Daily reading for Sunday, November 3, 2013

Reading Plan:
Version:
 

Proper 26

Ps. 24, 29; Ps. 8, 84; Neh. 5:1–19; Acts 20:7–12; Luke 12:22–31 (New Revised Standard Version)

Psalm 24

Psalm 24

Entrance into the Temple

Of David. A Psalm.

The earth is the Lord’s and all that is in it,
    the world, and those who live in it;
for he has founded it on the seas,
    and established it on the rivers.

Who shall ascend the hill of the Lord?
    And who shall stand in his holy place?
Those who have clean hands and pure hearts,
    who do not lift up their souls to what is false,
    and do not swear deceitfully.
They will receive blessing from the Lord,
    and vindication from the God of their salvation.
Such is the company of those who seek him,
    who seek the face of the God of Jacob.[a]Selah

Lift up your heads, O gates!
    and be lifted up, O ancient doors!
    that the King of glory may come in.
Who is the King of glory?
    The Lord, strong and mighty,
    the Lord, mighty in battle.
Lift up your heads, O gates!
    and be lifted up, O ancient doors!
    that the King of glory may come in.
10 Who is this King of glory?
    The Lord of hosts,
    he is the King of glory.Selah

Footnotes:

  1. Psalm 24:6 Gk Syr: Heb your face, O Jacob
New Revised Standard Version (NRSV)

New Revised Standard Version Bible, copyright © 1989 the Division of Christian Education of the National Council of the Churches of Christ in the United States of America. Used by permission. All rights reserved.

Psalm 29

Psalm 29

The Voice of God in a Great Storm

A Psalm of David.

Ascribe to the Lord, O heavenly beings,[a]
    ascribe to the Lord glory and strength.
Ascribe to the Lord the glory of his name;
    worship the Lord in holy splendor.

The voice of the Lord is over the waters;
    the God of glory thunders,
    the Lord, over mighty waters.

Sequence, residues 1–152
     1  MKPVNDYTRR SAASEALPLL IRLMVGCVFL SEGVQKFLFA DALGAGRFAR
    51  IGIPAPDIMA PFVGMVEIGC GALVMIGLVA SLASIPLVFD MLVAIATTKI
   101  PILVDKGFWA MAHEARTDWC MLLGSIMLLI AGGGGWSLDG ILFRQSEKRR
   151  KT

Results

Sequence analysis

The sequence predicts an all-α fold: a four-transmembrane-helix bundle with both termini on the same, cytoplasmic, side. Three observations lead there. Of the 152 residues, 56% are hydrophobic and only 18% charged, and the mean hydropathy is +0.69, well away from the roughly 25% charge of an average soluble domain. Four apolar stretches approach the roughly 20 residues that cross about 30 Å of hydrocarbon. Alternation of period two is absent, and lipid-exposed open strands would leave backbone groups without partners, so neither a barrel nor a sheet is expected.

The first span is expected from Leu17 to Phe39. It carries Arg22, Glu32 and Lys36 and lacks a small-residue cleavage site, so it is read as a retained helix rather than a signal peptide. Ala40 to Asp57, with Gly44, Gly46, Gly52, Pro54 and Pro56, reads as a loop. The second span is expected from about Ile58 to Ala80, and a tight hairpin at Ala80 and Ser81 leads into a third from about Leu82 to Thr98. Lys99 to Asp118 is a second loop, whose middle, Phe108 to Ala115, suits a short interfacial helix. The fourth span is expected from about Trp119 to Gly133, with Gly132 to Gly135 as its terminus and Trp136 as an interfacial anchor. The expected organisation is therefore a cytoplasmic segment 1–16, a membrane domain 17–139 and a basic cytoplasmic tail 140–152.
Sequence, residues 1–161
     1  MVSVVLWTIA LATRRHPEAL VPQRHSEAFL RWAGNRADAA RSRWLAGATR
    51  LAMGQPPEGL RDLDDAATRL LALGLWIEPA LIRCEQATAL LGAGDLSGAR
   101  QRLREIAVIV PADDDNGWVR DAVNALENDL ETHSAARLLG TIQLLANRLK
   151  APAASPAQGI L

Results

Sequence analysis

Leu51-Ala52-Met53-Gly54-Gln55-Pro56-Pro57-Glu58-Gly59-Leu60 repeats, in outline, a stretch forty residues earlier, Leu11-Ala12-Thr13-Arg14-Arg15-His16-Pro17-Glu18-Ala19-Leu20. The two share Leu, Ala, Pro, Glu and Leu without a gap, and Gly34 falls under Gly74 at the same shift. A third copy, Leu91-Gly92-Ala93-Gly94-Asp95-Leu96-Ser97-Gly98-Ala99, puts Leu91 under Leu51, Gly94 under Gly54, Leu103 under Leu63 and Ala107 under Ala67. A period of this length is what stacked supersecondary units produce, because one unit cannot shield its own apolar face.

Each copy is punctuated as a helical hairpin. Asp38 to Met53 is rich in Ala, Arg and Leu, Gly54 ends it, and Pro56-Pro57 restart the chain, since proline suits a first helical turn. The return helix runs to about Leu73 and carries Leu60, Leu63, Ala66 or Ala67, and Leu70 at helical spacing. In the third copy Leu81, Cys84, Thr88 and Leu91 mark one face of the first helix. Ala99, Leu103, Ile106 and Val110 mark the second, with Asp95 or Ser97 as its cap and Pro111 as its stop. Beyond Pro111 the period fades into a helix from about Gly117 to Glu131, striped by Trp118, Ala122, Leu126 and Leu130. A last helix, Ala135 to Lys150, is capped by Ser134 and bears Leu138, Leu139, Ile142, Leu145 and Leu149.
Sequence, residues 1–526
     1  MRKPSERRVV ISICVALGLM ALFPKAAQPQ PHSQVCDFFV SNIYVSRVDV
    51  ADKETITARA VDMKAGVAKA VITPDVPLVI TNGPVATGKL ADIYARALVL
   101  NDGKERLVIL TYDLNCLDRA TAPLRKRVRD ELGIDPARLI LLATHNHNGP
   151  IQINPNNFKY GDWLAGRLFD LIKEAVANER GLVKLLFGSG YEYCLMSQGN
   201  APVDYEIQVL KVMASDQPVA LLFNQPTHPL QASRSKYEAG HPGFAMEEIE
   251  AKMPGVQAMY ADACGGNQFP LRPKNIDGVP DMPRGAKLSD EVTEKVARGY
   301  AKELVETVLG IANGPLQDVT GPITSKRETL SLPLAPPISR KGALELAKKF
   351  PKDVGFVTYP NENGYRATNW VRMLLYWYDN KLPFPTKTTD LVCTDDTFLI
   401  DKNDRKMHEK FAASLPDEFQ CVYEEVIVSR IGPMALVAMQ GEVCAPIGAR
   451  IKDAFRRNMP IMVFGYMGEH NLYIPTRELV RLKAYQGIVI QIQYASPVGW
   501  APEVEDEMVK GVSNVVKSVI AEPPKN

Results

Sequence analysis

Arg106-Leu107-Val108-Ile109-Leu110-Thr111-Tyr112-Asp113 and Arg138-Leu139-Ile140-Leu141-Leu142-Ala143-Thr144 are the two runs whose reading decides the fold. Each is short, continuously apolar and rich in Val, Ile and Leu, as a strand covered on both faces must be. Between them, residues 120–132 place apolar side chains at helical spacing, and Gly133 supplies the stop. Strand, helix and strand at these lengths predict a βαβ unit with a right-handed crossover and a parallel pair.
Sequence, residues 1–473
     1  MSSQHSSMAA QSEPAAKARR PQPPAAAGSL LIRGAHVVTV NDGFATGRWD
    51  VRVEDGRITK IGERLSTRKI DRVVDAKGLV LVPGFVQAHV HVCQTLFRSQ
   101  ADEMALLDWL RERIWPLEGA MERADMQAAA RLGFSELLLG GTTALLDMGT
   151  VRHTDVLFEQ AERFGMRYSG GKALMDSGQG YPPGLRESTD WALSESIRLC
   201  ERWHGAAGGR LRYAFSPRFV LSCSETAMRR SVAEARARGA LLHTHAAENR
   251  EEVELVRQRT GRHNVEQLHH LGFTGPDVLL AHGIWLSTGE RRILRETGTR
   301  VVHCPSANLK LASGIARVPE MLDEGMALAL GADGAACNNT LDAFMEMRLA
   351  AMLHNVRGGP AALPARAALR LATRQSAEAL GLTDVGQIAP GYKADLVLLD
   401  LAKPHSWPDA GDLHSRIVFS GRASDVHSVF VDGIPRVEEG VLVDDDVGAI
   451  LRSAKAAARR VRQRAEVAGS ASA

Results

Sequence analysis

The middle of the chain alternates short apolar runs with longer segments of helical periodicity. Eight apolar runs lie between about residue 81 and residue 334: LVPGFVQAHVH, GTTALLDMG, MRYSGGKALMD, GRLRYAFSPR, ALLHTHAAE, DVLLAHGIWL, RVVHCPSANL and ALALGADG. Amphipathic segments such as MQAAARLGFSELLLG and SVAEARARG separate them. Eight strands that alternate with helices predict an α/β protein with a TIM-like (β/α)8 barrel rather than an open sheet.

The voice of the Lord is powerful;
    the voice of the Lord is full of majesty.

The voice of the Lord breaks the cedars;
    the Lord breaks the cedars of Lebanon.
He makes Lebanon skip like a calf,
    and Sirion like a young wild ox.

The voice of the Lord flashes forth flames of fire.
The voice of the Lord shakes the wilderness;
    the Lord shakes the wilderness of Kadesh.

The voice of the Lord causes the oaks to whirl,[b]
    and strips the forest bare;
    and in his temple all say, “Glory!”

10 The Lord sits enthroned over the flood;
    the Lord sits enthroned as king forever.
11 May the Lord give strength to his people!
    May the Lord bless his people with peace!

Footnotes:

  1. Psalm 29:1 Heb sons of gods
  2. Psalm 29:9 Or causes the deer to calve
New Revised Standard Version (NRSV)

New Revised Standard Version Bible, copyright © 1989 the Division of Christian Education of the National Council of the Churches of Christ in the United States of America. Used by permission. All rights reserved.

Psalm 8

Psalm 8

Divine Majesty and Human Dignity

To the leader: according to The Gittith. A Psalm of David.

O Lord, our Sovereign,
    how majestic is your name in all the earth!